Richard Nuwintore was barely three weeks into his sentence at Taft Correctional Institution when he began to cough and experience chest pain. Within a few days, it was obvious something was wrong.
“I could touch my skin and I was really hot,” Nuwintore said. “I had the coughing, the night sweat. My appetite was gone. I couldn’t eat. I couldn’t swallow, and I was losing weight really, really fast.”
A diagnosis arrived after X-rays and blood tests: valley fever, a fungal disease endemic to dusty areas of California and Arizona. Kern County, where Taft is located, has the highest rate of valley fever cases of any county in California. Originally a refugee from the east African country of Burundi, Nuwintore had never heard of the disease before arriving at Taft.
“Other inmates were telling me about valley fever, and I was like, ‘What is it? What is it?’” he said. “It was something scary, you know?”
Nuwintore was a victim of climate, genetics and confinement. In 2011, when he was diagnosed, valley fever rates in Arizona and California were skyrocketing — a peak experts largely attribute to weather cycles of rain and drought. And research shows people of African-American or African descent, like Nuwintore, are more prone to the disease than Caucasians.
At that time, valley fever rates were particularly high within prisons in the Central Valley. State prisons there reported hundreds of cases and as many as nine deaths from valley fever every year. In the hardest hit prison in 2011, 7 percent of the inmates contracted the disease. Taft is a federal prison and its health data have not been made available.
In the last few years, state prisons, at least, have made changes. They have worked harder to screen out prisoners who are the most vulnerable to the disease and to take measures to lower the risk to inmates who are incarcerated there. Between 2011 and 2015, their valley fever rates fell dramatically — close to 90 percent overall. Within that time period, valley fever became less prevalent all around, but even in the most endemic areas of the southwest, background rates fell by only 30 to 50 percent.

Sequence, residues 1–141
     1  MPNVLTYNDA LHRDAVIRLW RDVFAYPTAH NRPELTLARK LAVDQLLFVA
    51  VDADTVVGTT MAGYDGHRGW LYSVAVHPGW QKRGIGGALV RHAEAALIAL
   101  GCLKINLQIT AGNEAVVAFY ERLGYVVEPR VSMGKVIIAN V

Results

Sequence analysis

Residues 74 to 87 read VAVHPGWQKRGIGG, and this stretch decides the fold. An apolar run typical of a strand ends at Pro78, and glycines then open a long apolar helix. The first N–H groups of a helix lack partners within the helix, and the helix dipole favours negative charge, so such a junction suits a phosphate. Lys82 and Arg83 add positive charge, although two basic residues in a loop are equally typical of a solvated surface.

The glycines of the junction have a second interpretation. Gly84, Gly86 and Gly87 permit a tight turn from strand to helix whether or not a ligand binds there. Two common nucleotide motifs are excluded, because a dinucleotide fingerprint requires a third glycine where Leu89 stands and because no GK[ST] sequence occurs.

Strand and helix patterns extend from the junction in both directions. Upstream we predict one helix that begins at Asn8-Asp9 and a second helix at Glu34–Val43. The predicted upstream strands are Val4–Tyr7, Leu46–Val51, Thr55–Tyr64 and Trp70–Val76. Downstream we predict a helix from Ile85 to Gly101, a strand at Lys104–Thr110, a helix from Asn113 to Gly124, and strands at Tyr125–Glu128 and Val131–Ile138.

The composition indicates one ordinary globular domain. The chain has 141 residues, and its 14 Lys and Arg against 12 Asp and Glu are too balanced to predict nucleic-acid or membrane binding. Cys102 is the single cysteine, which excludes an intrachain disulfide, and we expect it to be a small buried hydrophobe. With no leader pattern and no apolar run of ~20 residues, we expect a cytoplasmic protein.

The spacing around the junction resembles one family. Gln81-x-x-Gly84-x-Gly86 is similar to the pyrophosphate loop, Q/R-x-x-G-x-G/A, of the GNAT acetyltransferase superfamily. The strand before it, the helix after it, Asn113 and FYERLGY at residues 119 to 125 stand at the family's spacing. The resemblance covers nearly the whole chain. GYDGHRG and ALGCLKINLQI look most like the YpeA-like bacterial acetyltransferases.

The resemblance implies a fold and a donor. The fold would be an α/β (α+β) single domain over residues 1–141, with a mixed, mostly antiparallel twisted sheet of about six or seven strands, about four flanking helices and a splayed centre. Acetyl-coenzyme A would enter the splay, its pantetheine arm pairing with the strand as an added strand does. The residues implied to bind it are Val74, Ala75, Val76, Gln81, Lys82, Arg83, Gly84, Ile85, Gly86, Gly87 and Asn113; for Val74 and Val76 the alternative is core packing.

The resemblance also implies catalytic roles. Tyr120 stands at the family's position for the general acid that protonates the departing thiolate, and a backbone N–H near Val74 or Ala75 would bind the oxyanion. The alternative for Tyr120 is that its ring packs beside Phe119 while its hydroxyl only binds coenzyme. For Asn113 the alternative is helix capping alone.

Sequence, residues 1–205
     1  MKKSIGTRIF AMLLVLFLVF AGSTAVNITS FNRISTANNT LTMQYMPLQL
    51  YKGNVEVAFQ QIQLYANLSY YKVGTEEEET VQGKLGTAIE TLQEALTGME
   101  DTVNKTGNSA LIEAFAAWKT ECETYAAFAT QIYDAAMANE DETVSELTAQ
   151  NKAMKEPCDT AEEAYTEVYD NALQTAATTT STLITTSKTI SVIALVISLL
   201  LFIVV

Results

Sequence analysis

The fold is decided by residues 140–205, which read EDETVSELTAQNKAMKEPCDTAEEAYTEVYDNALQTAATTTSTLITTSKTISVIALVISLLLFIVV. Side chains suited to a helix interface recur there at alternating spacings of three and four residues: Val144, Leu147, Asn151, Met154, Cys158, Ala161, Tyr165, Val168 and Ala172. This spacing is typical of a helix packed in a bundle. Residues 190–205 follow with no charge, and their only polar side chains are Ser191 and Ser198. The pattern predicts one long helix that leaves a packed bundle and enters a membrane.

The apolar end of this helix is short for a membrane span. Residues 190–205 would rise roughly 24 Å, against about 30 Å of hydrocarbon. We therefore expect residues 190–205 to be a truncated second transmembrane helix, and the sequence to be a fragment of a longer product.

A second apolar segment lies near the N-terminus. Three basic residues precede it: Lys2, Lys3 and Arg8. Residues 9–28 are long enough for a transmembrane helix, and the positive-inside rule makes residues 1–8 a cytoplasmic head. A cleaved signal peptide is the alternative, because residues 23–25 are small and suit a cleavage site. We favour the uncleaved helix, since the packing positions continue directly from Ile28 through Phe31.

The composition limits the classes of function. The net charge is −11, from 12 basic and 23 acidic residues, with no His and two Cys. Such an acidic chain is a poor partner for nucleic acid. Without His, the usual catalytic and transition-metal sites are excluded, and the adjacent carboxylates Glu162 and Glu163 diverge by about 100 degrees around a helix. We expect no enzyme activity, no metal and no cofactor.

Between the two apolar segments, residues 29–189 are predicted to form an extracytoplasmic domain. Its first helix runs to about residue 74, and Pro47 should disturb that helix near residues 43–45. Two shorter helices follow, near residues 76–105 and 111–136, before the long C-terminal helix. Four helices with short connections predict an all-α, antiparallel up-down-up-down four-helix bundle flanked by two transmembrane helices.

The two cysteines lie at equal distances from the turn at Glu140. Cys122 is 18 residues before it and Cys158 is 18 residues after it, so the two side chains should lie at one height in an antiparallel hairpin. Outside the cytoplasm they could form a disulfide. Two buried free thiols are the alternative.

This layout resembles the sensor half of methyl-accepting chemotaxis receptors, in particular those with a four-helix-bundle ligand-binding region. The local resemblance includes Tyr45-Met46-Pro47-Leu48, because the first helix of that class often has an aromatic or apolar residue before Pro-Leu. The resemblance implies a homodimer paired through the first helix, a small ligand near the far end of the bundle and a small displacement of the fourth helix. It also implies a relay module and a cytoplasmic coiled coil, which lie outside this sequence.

Health Impacts Last Beyond Prison Sentence
Nuwintore came to the U.S. as a refugee in 1992. In 2011, he began a 14-month prison sentence for credit card fraud. Now, he lives on a suburban cul-de-sac outside Sacramento with his mother and girlfriend.
Years after completing his sentence, Nuwintore’s time in prison remains in his system. Twice a day, he twists open a thick bottle of itraconazole, an antifungal medication that he’ll likely take for the rest of his life. The huge pink and blue pills keep him alive, but their side effects are almost as bad as valley fever itself.
“You wake up. You have a little bit of energy, but as the day goes by you start to just feel pain in the joints,” he said. “Of course, your stomach is still on fire because the medicine is kind of powerful. And fatigue, and sometimes you get dizzy.”
Nuwintore isn’t alone. In the last decade, over 3,500 state inmates have contracted valley fever while doing time. Many still struggle to manage the disease.
Prisons Take Steps to Reduce Risk
Those improvements in state prisons did not happen quickly or easily. In fact, it took outside intervention to bring the numbers down.
Beginning in 2006, the California Department of Corrections and Rehabilitation began excluding inmates with suppressed immune systems — due to factors such as HIV or chemotherapy — from all eight prisons in the Central Valley. But valley fever rates still spiked.
More sweeping interventions arrived in 2013. That’s when a federal receiver appointed to oversee health care in state prisons mandated that individuals from the most at-risk ethnicities — African-Americans and Filipinos — be excluded from Avenal State Prison in Kings County and Pleasant Valley State Prison in Fresno County. Prior to that year, those two facilities each diagnosed hundreds more cases of valley fever annually than almost any other state prison.